HIGH 5: Brummie F1 champ Mansell proves he's still a winner
FORMULA 1 legend
The Brummie motor-racing champ - who famously raced as '
But this time there was no smell of burning rubber and Mansell's two main adversaries happened to be under nine.
The 64-year-old 1992 F1 world champion raced against brothers Dylan, 8, and six-year-old
"It was marvellous, it really was," Mansell said. "So much fun. It was brilliant, especially for the two young boys.
"We created a bit of magic and all had a real blast together. There were so many children enjoying themselves inside the arcade. It was great to see."
Mansell, whose sons Leo and Greg are also racing drivers, wasn't going to give the budding racers an inch, and showed just why he was such a winner back in the day.
With his pedal to the metal, Mansell went full throttle to finish ahead of the lads, who are sons of the
It's not the first time Mansell has been involved with the gaming industry.
At the peak of his racing powers Mansell lent his name to a number of video games.
The track hero also appeared as a playable driver for Williams in F1 2013.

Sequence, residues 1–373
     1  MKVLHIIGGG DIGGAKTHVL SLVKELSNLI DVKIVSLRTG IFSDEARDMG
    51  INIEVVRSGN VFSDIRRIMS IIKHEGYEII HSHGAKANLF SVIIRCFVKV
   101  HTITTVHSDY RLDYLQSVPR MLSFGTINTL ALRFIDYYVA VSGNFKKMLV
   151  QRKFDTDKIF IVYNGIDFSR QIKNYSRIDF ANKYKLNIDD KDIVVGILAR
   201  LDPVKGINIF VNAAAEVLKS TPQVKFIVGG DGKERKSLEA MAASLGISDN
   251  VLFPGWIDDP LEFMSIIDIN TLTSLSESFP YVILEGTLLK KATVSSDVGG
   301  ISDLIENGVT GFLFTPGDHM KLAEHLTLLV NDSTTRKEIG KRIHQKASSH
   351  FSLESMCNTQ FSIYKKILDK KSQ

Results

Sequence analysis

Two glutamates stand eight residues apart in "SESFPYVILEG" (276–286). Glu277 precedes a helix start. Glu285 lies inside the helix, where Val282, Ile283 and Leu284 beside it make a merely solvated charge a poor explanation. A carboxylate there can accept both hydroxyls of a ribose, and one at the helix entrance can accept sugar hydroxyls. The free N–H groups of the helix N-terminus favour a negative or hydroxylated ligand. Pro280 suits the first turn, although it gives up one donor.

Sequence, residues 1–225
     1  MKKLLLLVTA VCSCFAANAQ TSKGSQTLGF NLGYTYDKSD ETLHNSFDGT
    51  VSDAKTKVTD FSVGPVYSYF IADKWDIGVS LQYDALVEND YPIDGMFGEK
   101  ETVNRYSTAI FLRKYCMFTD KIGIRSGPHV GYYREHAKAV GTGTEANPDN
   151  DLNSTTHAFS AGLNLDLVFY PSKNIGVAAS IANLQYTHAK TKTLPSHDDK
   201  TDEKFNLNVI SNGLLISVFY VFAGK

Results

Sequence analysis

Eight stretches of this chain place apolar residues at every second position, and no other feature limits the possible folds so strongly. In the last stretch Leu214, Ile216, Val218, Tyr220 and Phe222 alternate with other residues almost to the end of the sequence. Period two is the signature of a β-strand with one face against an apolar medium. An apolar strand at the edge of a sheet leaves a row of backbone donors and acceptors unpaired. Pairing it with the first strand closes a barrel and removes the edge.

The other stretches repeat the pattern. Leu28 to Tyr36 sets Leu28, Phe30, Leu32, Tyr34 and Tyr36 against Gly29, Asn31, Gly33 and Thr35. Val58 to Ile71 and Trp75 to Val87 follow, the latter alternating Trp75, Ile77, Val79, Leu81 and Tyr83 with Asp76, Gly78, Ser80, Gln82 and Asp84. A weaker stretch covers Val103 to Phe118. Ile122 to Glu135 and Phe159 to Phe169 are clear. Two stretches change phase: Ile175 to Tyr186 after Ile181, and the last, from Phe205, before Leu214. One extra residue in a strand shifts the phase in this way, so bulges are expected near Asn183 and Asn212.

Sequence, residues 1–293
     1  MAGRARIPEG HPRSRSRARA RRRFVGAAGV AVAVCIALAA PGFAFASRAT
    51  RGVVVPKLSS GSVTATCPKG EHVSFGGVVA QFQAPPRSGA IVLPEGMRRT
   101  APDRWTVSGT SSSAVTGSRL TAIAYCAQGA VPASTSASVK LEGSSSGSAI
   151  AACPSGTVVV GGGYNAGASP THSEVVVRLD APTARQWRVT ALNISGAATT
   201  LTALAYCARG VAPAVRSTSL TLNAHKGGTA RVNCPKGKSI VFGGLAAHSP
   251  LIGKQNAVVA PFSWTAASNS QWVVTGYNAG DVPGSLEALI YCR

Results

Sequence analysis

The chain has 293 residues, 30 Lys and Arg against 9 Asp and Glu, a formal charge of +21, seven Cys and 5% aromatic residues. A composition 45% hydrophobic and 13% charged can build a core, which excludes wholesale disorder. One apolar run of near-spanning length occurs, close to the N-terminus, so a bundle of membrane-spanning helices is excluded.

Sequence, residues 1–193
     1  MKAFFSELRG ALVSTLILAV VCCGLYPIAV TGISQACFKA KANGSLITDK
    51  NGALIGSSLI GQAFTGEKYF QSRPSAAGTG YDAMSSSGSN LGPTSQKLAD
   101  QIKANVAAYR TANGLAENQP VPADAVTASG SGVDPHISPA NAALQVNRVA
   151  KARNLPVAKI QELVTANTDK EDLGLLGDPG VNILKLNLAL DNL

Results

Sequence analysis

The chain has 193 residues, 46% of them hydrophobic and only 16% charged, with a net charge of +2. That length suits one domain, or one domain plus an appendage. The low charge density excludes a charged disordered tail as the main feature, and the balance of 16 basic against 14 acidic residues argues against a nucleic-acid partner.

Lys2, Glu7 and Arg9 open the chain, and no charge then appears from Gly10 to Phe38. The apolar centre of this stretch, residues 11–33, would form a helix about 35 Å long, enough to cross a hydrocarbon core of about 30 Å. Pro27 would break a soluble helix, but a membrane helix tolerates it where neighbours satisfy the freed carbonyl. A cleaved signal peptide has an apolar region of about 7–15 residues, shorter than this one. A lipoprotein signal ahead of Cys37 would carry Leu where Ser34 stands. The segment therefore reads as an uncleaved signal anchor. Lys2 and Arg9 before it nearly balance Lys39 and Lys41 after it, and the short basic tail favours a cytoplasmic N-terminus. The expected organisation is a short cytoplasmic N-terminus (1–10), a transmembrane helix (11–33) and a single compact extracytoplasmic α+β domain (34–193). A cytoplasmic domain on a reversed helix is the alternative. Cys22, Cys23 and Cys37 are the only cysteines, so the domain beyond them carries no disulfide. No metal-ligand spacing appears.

"Those games are nothing like what they are today," Mansell added.
"They have really progressed and are so lifelike."
Mansell was born in Upton-upon-Severn, and spent many years living in Hall Green, in Birmingham, before his big break. He was even a special police constable for a time.
He was at the NEC in Birmingham yesterday to officially open
"Many many thousands are coming," Mansell said.
"I think ticket sales are 15,000 to 20,000 up on last year so it's clearly still very popular."
Mansell met fans and signed autographs as he shared fascinating tales about his death-defying 15-year career in
He was also the star turn at a special Q&A, hosted by F1 journalist
Among the other special guests at Autosport was young racing driver
The 18-year-old, whose supporters include current F1 world champion
¦(with Hamilton) also And he was back behind the wheel of a specially-adapted V8-powered Jaguar for a stunt display in the
"I think it speaks volumes of the lad," Mansell said.
"For him to have made such a quick recovery and to get back in a race car.
"He was nicknamed Billy The Lionheart.
"And that's exactly what he is.
"He's a lion who is roaring back and has done fantastically well to get back to where he is now."
Billy is now preparing to race for a Jaguar team at the inaugural
The competition will see ex-soldiers, physically or mentally wounded during their military careers, race against top-level drivers in a professional racing environment.
CREDIT: PAUL SUART Sports Writer firstname.lastname@example.org
Copyright Mirror Regional Newspapers Jan 14, 2018, source